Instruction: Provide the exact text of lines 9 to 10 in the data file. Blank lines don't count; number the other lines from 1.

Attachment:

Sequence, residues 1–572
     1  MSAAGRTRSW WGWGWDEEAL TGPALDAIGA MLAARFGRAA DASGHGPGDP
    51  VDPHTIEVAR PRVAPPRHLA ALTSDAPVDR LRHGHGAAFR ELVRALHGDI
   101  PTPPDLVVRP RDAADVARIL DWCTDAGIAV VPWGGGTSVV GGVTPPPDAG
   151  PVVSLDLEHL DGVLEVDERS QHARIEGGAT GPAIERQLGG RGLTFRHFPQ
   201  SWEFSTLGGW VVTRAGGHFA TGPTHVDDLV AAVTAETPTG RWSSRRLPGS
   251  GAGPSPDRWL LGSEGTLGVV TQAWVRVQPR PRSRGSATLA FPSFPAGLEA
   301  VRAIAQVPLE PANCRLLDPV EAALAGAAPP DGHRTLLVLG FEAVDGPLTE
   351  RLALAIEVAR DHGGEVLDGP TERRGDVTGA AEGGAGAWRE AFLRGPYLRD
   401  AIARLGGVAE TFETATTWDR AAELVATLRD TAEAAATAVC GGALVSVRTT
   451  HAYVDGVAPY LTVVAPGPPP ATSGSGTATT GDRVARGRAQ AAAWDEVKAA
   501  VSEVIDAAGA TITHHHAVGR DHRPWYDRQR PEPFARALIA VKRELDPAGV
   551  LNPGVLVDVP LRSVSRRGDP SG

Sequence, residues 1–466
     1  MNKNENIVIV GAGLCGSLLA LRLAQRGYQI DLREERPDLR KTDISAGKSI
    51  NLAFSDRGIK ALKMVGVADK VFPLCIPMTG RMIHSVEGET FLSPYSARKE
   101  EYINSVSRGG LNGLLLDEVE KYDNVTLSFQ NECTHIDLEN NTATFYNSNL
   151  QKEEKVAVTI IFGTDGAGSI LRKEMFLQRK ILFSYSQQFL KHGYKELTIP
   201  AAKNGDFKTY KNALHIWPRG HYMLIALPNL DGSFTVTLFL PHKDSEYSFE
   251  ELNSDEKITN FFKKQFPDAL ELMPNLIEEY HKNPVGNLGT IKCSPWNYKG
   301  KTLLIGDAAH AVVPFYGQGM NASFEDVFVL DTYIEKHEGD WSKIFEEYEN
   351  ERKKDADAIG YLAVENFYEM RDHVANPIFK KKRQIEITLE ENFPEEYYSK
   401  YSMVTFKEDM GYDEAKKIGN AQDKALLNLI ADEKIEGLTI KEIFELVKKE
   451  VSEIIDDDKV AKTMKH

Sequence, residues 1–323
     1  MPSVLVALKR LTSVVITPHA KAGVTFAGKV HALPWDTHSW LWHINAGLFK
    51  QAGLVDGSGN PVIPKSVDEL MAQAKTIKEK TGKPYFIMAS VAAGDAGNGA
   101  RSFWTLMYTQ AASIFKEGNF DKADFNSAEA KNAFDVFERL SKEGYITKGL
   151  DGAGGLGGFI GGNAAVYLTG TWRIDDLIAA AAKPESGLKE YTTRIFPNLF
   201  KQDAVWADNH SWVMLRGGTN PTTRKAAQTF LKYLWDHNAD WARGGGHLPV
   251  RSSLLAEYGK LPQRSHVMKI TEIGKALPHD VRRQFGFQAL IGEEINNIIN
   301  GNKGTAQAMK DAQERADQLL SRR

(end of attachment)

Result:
   351  RLALAIEVAR DHGGEVLDGP TERRGDVTGA AEGGAGAWRE AFLRGPYLRD
   401  AIARLGGVAE TFETATTWDR AAELVATLRD TAEAAATAVC GGALVSVRTT